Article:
Wednesday, April 28, 2010

ODOT hammers Salem and its own greenhouse gas reduction goals

ODOT CapitolImage by Jason McHuff via Flickr

What is up with the State of Oregon trying to kill Salem's downtown?

At the north end of town the state has been busily filling up the Capital City Business "Center" -- the center of nowhere, actually, -- with hundreds of office workers, in a "center" that has no direct bus service from downtown Salem.* And now ODOT is planning to permanently move hundreds of high-paid white collar technical jobs out of downtown and into an area suited for manufacturing!

So even as the state makes a big show out of its greenhouse gas reduction goals, it keeps moving workers out of the bike-able and walkable core area that has the best service by bus. Instead, it's going to fill prime industrial space in a transit-inaccessible area with office workers, which means expensive interior refits and more driving by all those workers, plus starving downtown businesses of vitally needed customers.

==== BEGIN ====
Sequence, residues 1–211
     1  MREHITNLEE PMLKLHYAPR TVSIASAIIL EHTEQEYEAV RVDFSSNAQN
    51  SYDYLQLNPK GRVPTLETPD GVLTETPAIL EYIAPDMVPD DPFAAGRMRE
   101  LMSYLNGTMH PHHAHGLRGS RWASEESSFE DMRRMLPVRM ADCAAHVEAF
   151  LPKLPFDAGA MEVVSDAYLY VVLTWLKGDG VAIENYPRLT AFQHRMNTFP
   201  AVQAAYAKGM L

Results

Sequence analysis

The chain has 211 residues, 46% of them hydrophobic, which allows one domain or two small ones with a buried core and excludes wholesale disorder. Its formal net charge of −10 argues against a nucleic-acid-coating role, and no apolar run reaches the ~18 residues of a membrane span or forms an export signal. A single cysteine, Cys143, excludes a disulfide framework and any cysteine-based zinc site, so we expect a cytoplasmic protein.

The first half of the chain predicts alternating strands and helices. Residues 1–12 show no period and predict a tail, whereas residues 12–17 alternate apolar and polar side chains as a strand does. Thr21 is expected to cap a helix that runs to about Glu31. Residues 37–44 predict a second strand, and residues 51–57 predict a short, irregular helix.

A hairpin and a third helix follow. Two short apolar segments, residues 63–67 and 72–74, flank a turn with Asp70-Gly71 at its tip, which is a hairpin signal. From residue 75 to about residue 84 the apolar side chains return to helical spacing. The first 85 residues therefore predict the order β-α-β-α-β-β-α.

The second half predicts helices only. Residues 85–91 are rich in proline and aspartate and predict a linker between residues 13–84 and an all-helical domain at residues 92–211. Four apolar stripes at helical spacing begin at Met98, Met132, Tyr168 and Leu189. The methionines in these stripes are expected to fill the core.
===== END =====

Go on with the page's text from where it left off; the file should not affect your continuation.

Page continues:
But hey, who cares if Oregon's capital starts to look like Michigan's (Lansing's downtown is a scary, depressing vision -- something that Salem does NOT want to emulate). Something about these deals stinks.
-At the former Tyco building at 4040 Fairview Industrial Drive SE, ODOT wants to take 75,000 square feet of space on a 10-year lease, Miles said. The 4040 Fairview site will become the permanent home for ODOT's Technical Services and a section of Information Services. In all, about 300 workers will be based at the former Tyco building.

The building was built as a sister manufacturing site for Tyco's now defunct circuit board plant in the Polk County town of Dallas. Tyco broke ground on the project in autumn 2000, but Tyco never used the building for manufacturing and it became a symbol of the downturn in Oregon's high-tech industry. The vacant building is now owned by State Investment LLC, a local investment group.

-ODOT's plans call for about 220 employees to go to the former SUMCO building at 3930 Fairview Industrial Drive SE. The agency wants a two-year lease for about 65,000 square feet of space.